|MILWAUKEE — The Milwaukee County Board of Supervisors officially renamed the airport, to be more reflective of its geographical location. The name since 1986 has been General Mitchell International Airport. To make sure that passengers know where the airport really is, the Board dropped “General” from its name and added “Milwaukee”. Now, MKE will be called Milwaukee Mitchell International Airport.
The name change raises an interesting question. General Mitchell International Airport spent marketing dollars over 10 years to claim the moniker— “Chicago’s Third Airport”.So valuable was this claimed trade mark that Barry Bateman, airport director sent a cease-and-desist letter was sent to Illinois officials demanding they stop using that phrase for the proposed Peotone airport.”We use that phrase because we’re trying to make a point with people in Chicago,” Bateman said. “After O’Hare and Midway, we our Chicago’s third airport, based on historic usage of the airport and fact. We want to continue to use that moniker.”
Registration: Oct 5, 2000
Status:604 – Abandoned – after inter-partes decision
Status date: Oct 21, 2005
Illustration: Typeset: Word(s)/letter(s)/number(s)
Attorney: Cynthia B. Stevens, Esq
WILDMAN HARROLD ALLEN & DIXON
225 West Wacker Drive Suite 3000, Chicago, IL 60606
Employee: Jennifer Marie Krisp
Goods & Services:”airport”, Airport passenger check-in services, management of airport operations, passenger transportation and services, Aircraft repair and maintenance services, Airport services for passengers, air …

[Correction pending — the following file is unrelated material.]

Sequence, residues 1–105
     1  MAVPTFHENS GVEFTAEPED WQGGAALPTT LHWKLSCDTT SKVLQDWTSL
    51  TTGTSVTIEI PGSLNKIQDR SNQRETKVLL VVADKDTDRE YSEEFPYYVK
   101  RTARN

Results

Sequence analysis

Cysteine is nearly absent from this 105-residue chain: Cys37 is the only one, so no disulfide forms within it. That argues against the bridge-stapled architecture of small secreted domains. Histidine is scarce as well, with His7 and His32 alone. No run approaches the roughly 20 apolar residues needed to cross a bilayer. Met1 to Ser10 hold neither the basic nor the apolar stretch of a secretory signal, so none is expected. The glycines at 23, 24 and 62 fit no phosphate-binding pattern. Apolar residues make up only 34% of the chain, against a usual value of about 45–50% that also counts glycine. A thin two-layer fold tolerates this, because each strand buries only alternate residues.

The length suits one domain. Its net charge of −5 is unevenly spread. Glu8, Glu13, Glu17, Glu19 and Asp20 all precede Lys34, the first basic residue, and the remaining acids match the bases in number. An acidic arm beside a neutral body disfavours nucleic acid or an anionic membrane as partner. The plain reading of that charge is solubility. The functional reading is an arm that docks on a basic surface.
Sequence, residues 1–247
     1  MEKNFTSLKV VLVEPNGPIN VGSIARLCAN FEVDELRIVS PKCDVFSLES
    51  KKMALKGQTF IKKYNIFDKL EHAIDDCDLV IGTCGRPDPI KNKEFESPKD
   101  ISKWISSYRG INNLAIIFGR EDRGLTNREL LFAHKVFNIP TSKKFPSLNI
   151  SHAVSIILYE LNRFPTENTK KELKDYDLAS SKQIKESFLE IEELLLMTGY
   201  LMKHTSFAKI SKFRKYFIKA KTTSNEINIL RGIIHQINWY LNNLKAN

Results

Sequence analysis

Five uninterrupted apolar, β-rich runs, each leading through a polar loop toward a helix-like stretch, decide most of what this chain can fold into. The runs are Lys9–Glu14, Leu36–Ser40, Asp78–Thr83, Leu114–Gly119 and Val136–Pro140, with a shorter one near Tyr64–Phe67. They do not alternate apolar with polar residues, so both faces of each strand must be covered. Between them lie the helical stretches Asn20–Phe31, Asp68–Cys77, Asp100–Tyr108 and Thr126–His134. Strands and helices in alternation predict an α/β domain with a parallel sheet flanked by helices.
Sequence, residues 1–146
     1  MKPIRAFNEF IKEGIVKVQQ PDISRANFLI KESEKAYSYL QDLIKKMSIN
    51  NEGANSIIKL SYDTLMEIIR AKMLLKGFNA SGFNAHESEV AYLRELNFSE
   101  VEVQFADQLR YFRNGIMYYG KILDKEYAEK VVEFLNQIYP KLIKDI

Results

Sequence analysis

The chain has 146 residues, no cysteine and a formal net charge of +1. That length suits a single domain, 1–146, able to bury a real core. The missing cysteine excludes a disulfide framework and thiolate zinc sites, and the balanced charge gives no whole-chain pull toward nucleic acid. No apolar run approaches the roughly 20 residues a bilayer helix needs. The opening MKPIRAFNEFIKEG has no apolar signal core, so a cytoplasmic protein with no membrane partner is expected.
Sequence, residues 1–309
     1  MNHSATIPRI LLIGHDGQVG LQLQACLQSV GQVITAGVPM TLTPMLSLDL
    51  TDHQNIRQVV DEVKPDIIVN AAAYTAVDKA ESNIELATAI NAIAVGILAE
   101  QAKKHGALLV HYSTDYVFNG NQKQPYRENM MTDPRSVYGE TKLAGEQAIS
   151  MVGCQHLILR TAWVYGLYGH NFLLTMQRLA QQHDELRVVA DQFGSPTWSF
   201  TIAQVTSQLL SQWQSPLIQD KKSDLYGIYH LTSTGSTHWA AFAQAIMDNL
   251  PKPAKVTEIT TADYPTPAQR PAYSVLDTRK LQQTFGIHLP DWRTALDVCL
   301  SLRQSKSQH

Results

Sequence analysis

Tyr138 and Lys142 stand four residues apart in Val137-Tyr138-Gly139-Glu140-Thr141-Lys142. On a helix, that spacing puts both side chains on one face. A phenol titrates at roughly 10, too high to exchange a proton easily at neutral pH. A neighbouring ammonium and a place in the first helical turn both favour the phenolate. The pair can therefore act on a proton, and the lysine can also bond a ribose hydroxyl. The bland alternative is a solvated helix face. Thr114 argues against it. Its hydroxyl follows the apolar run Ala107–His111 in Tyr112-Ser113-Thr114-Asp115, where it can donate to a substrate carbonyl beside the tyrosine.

Owner:Milwaukee County, 5300 South Howell Concourse C, Milwaukee, WI 53207
The airport in the North West corner of Indiana has included the MKE moniker in its full title– Gary Chicago International Airport GYY Chicago’s Third Airport
As the below Wikipedia brief history makes clear, the deletion of GENERAL from the title is not an inconsequential alteration. A court martial unjustly stripped General Mitchell of his title and it was not until President Roosevelt reinstated his rank after the Major General died.
William Lendrum Mitchell (December 29, 1879 – February 19, 1936) was a United States Army general who is regarded as the father of the United States Air Force.
Mitchell served in France during World War I and, by the conflict’s end, commanded all American air combat units in that country. After the war, he was appointed deputy director of the Air Service and began advocating increased investment in air power, believing that this would prove vital in future wars. He argued particularly for the ability of bombers to sink battleships and organized a series of bombing runs against stationary ships designed to test the idea.
He antagonized many administrative leaders of the Army with his arguments and criticism and, in 1925, was returned from appointment as a brigadier general to his permanent rank of colonel due to his insubordination. Later that year, he was court-martialed for insubordination after accusing Army and Navy leaders of an “almost treasonable administration of the national defense” or investing in battleships instead of aircraft carriers. He resigned from the service shortly afterward.
Mitchell received many honors following his death, including a commission by President Franklin D. Roosevelt as a major general. He is also the only individual for whom an American military aircraft design, the North American B-25 Mitchell, is named.